Pseudopleuronectes Americanus

Pleuronectidae

Pleuronectiformes

Continental Shelves, Estuaries

3 - 8 pounds

9" - 25"

Winter Flounder Game Fish Quality Very Good
Winter Flounder Meal Quality Excellent
Winter Flounder Fly Fishing Quality Poor

Winter Flounder

Winter Flounder
Also Known As: Lemon Sole, Black Back

Guides Who Fish This Species

Winter Flounder (Pseudopleuronectes americanus) Description

Also known as the Black Back, the Winter Flounder is a dextral flatfish. Meaning, its eye is more on the right side of its body. Like most flounders, they prefer propelling themselves through the water rather than swimming through. They often swim flat on their bodies instead of the usual upright position. Like all flounders, they have an oval-shaped, thick body.

As their other name describes, the Winter Flounder is known for its jet-black color. However, they are only predominantly jet black. Depending on their habitat, the Winter Flounder can change color from red, olive green, dark green, or dark slate. Like other flounders, Winter Flounders also have a lateral line that cuts across their bodies. They are often mistaken for the Summer Flounder due to their similar appearance. However, the Winter Flounder is known to have smaller teeth and constantly lying on its right side.

 

Diet and Size

Winter Flounders usually feed on nauplii – the larva stage of crustaceans. But these also feed on invertebrate eggs, some marine bristle worms, and phytoplankton. While these aforementioned preys are a vital part of their diet, adult Winter Flounders are actually not that picky. They’re opportunistic and will eat whatever they can their mouth on. Usually, they find themselves attacking crustaceans such as clams.

Winter Flounders usually grow up to 9.8 inches to 11.8 inches long. However, that’s the usual length for sexual maturity. There are some cases where Winter Flounders grow up to 25 inches. As for weight, the maximum recorded weight of a Winter Flounder is around 8 lbs. 

 

Interesting Facts

  • Winter Flounders feed only in the morning. They rely on sight to catch their prey.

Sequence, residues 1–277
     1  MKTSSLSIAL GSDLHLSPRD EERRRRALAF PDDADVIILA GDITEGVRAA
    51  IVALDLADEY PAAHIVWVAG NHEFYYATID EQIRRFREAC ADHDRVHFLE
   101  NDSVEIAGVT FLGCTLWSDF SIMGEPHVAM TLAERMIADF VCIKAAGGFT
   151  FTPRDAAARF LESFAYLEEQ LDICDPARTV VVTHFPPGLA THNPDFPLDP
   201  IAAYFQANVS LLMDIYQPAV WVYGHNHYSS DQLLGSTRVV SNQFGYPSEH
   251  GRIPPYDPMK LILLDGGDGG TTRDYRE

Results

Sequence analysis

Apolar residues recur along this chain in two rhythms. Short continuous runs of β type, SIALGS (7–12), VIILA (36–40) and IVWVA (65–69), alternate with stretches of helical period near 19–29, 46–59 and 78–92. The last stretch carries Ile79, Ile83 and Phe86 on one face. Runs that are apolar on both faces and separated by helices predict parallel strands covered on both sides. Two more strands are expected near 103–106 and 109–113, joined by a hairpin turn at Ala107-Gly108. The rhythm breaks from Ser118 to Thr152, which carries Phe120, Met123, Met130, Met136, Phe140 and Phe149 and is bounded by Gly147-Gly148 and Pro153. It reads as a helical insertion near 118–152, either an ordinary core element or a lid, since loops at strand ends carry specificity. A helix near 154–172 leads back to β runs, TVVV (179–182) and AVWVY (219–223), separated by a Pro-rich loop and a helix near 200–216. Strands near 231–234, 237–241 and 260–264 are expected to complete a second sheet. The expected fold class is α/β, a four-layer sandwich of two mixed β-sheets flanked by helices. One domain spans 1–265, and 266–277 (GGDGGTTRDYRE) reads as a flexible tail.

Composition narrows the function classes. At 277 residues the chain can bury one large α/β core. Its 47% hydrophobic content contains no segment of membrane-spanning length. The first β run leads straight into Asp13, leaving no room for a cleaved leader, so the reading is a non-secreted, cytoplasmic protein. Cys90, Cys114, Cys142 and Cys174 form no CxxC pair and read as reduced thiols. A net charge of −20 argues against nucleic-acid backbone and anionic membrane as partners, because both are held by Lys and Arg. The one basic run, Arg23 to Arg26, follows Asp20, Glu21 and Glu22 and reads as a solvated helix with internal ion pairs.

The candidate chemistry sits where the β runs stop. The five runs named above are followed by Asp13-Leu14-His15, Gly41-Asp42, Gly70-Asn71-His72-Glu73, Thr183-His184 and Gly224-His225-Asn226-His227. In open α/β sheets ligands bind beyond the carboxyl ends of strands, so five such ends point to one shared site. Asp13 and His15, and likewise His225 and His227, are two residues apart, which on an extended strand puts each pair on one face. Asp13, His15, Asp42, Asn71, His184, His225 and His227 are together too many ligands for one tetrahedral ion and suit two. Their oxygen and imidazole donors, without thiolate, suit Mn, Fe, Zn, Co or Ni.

• Newly hatched Winter Flounders have eyes at both sides of their head.
  • Juvenile Winter Flounders take time to adjust. As they slowly adjust to swimming at the bottom, their eyes slowly move to the right side of their head.
  • Winter Flounders can live up to an average of 15-18 years.
  • Because of their small mouths, Winter Flounders find themselves limited in the amount they can take in.
  • Winter Flounders are common prey to bigger fish such as Striped Bass, Bluefish, Toadfish, and even their own cousin – the Summer Flounder!
    • Atlantic Cods, Monkfishes, and Spiny Dogfishes prey on adult Winter Flounders.
  • They are sometimes called Lemon Sole in the US.

 

Fishing Techniques: How to Fish for a Winter Flounder

When fishing for the Winter Flounder, size does matter. The bigger the bait, the better. So, having a big sea worm or a big clam will definitely have those bigger Winter Flounders biting. Although they’re opportunistic, they’re not the type to commit to the kill right away. Like most flounders, the Winter Flounder will definitely take small bites out first. Anglers recommend using a very sensitive rod so you can feel what’s a real tug and what’s just nibbling.

As for line and tackle, it depends. Are you going big or are you going to play safe? If you're going big, the Winter Flounder can weigh around 8 lbs. But some anglers recommend giving a lot of allowance such as getting a 14-20 lbs line to be able to keep a hold on your Winter Flounder. Although the 10-12 lbs line works well, you never know when you might suddenly pull out an extremely large Winter Flounder.

 

Habitat and Distribution

Winter Flounders stay in estuaries and continental shelves. They hide among the vegetation or rocks while waiting for their prey. As adults, they are quite opportunistic so don’t be surprised if you find one hiding behind the weeds. What makes them hard to find is that their color changes to suit the environment that they’re in so getting them to come out is another story.

As for distribution, they have a preference for the Northwest Atlantic, from the Gulf of St. Lawrence. They also are in bodies of water between Canada and North Carolina. However, most anglers recommend Delaware Bay where they are most abundant.